“We have complex problems, and if we only look at one isolated component, we are not maximizing the benefits of solving those problems in an integrated way,” Boston said.

For example, Boston’s organization is working on a project on Vancouver’s North Shore to consider how social service providers can help older single people manage secondary suites in their homes, an approach he said could ease affordable housing while reducing risks by stay alone under extreme heat.

“We need to address more,” Boston said.

Meanwhile, a 2020 study and report from BC’s water and power authority found that the use of air conditioning in homes had more than tripled since 2001.

Many residents added an average of $ 200 to their summer bill by using air conditioners inefficiently, with nearly a third of survey respondents setting the temperature below 19 C. Popular portable devices use 10 times more energy than a central air conditioner or heat pump, the report said. .

Globally, the International Energy Agency in 2018 expected that the energy demand from air conditioning would triple by 2050.

Continuing on that path would make it difficult for governments to achieve greenhouse gas reduction targets to mitigate climate change, Rysanek said.

“If we exacerbate this problem, building development costs are a drop in the bucket in terms of the climate impacts we are going to face,” he said.

The BC government should encourage non-mechanical cooling options to spur their introduction into residential and commercial buildings, he said, pointing to measures such as natural ventilation, ceiling fans and radiant cooling built into floors or ceilings, all of which would cool residents before turning. on an air conditioner.

“We should encourage our policy makers to realize that there is a big world out there of alternatives. We may not have the suppliers here yet in BC, but it is a great opportunity for business,” Rysanek said.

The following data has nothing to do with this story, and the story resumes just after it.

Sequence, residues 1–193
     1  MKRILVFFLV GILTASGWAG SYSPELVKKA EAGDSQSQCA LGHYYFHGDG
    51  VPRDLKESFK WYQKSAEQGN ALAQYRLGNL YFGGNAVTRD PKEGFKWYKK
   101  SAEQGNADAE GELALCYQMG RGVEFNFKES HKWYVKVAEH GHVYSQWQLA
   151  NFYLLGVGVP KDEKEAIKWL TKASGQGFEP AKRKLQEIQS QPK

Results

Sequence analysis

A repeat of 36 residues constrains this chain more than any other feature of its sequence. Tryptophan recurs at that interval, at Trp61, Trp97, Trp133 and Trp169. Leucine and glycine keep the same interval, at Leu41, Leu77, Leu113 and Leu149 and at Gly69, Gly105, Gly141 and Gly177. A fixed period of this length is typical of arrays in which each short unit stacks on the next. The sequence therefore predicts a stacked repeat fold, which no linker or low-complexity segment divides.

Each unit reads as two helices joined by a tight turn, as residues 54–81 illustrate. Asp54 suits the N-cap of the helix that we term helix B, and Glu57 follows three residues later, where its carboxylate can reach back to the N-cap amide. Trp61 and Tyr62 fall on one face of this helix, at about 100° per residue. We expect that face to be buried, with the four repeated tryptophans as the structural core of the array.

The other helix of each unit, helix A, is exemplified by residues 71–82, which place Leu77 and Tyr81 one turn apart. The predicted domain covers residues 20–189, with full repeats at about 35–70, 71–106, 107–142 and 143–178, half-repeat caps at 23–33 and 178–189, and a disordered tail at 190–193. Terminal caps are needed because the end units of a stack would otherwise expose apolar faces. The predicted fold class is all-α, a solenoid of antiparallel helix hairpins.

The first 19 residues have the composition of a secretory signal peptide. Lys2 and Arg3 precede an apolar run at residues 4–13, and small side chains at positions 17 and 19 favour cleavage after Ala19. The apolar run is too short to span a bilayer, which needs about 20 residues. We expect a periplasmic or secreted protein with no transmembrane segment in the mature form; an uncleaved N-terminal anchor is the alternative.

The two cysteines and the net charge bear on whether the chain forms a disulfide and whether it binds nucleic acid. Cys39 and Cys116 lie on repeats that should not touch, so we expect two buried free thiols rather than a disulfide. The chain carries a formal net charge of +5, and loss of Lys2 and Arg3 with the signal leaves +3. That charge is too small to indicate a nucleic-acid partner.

Companies around the world have implemented these refrigeration alternatives in Europe, in Asia and elsewhere, and “we should try to invite them here so we learn about these things, as the public, as consumers,” he said.

The forensic pathologist’s report calls on BC to ensure that the building regulations from 2024 incorporate passive and active cooling requirements in new homes along with cooling standards for renovation of existing homes and to ensure that “climate change lenses” are adopted in regional growth strategies and official community plans. .

It also recommends that the province consider how to issue refrigeration devices such as medical devices to those most at risk of dying from extreme heat.

Public Safety Minister Mike Farnworth has said the government will consider the report and “take the necessary steps to prevent heat-related deaths in the future.”

It’s hard to predict how often BC may see a repeat of last summer’s highest temperatures, but climate change will undoubtedly cause heat extremities to rise in frequency and size, said Rachel White, an assistant professor in the Department of Earth, Oceanic and Atmospheric Sciences. at the University of BC

“When we have a normal heat wave in the future, it will be warmer than we have been used to,” she said.

A heating dome refers to a high-pressure area that settles in when the temperatures below get warmer, White explained.

These regions sometimes become “quasi-stationary”, depending on factors such as the strength of the winds circulating high in the atmosphere, she said.

When the heat dome covered BC last year, its effects were amplified by soil already hit by drought, lacking moisture that would evaporate and help cool the country during the long summer days with clear skies, she said.

“Earth’s atmosphere is not in equilibrium,” White warned, “and the longer we continue to turn off these greenhouse gases, the more and more warming we will see.”

“We have to act now if we do not want it to be terrible in 40, 50 years.”

This report from The Canadian Press was first published on June 25, 2022.

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Javed Iqbal